medical school

New Doctors Prepare For Residency Amid COVID-19 Crisis

Apr 10, 2020
Courtesy of Lauren Grant

For fourth-year medical students, spring is normally the time for an important rite of passage. They finish  classes and find out where they’ll spend the next several years doing their residencies.

The coronavirus pandemic has turned all that upside down.

Sebastián Martínez Valdivia / Side Effects Public Media

On a sunny afternoon in Sedalia, Mo., a town between St. Louis and Kansas City, Jennifer and Matt Boatright escorted some unusual visitors into a pasture on their farm. They opened the heavy gate and called their sheep over to meet a half-dozen medical students from the University of Missouri system. 

The farm tour was part of a week-long program designed to introduce future doctors, pharmacists and nurses to rural life.  The goal: Get the students interested in working in rural areas.


Carter Barrett/Side Effects Public Media.

Across the United States, there’s a push to give new doctors cultural training to work with refugees and other immigrants. And some say it’s the difference between healthy and sick patients.

Indiana Med School Move Creates New Opportunities

Jan 30, 2019
Isaiah Seibert/Side Effects Public Media

The Indiana University School of Medicine’s (IUSM) Evansville campus has a new home.

Once located on the campus of the University of Southern Indiana, the med school moved late last year to downtown Evansville. 

Side Effects asked Dr. Steven Becker, the school’s director and associate dean, about the move – and his plans.

Why Don't Young Doctors Want To Work In Primary Care?

Jun 24, 2016
Stanford Geriatric Education Center via Youtube

In the world of physicians, there are hundreds of specialties—neurologists, orthopedic surgeons, dermatologists, radiologists, anesthesiologists...all the different "ologists." But doctors generally fall into two camps: the specialists and the generalists, like, for example, your family doctor. As it turns out, there's a longstanding struggle between these two camps, and a lot of people would say primary care is losing.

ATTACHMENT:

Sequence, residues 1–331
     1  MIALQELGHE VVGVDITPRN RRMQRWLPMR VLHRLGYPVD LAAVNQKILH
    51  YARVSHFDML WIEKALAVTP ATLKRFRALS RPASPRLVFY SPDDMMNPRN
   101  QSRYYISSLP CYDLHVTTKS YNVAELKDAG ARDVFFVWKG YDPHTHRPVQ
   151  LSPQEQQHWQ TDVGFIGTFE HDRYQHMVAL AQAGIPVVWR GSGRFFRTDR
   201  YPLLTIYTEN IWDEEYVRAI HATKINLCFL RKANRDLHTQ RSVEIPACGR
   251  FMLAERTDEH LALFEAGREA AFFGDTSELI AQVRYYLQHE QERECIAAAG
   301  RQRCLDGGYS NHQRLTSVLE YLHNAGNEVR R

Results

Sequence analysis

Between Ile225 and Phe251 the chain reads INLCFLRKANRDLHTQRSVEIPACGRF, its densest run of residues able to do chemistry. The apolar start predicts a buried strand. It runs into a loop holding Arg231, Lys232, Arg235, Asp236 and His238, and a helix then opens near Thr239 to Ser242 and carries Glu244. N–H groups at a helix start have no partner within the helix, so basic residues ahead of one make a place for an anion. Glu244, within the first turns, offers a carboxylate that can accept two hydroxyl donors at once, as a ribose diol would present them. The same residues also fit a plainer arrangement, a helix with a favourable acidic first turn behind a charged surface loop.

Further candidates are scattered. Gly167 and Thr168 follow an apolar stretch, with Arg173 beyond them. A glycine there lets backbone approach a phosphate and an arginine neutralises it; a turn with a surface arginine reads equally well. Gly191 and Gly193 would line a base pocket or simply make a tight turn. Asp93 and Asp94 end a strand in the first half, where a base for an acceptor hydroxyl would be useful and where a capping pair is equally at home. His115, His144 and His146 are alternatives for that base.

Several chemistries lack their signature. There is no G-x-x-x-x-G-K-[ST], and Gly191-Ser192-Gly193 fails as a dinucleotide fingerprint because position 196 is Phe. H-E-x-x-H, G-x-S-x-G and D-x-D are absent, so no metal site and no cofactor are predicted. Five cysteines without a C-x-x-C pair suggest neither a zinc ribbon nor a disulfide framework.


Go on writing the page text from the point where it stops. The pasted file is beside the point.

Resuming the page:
As a first-year resident, I found myself wanting to understand why.

NYCMarines via Flickr

Veterans Day is when America stops to thank those who have sacrificed to keep the country safe and free. This year, gratitude for their service includes a significant step to help keep them healthier.

Greek vase with a depiction of a doctor treating a patient.
Marie-Lan Nguyen via Wikimedia Commons / Louvre Museum

You don't expect to see classes like fiction writing, drawing and drama in a medical school curriculum. But some of the county's top med schools are integrating arts and humanities classes in an attempt to build empathy for the patient experience of  illness, as Stat News reports. 

Oviea Akpotaire and Jeffrey Okonye put in long days working with patients at the veterans' hospital in south Dallas as fourth-year medical students at the University of Texas Southwestern.

They're in a class of 237 people and they're two of only five black men in their class.

"I knew the ones above us, below us," Okonye says. "We all kind of know each other. It's comforting to see another person that looks like you."

There’s a serious doctor shortage in the United States and the problem is set to get worse if medical schools don't increase the number of physicians they train.

According to a 2015 report prepared for the ​Association of American Medical Colleges, the demand for physicians-- especially primary care doctors--is growing faster than the supply. The analysis projects there will be a shortage of 46,100 to 90,400 physicians by 2025. 

saiah Roggow, a third-year medical student at the University of California, Riverside, examines patient Becky Ketchum during the school’s free clinic.
Rebecca Plevin / KPCC

Time for a pop quiz: When it comes to health care, what’s the difference between cost, charge and payment?

“Does anyone want to take a stab at it?” Sara-Megumi Naylor asks a group of first-year residents at the David Geffen School of Medicine at UCLA.

This story is part of a collaboration that includes KPCC, NPR and Kaiser Health News

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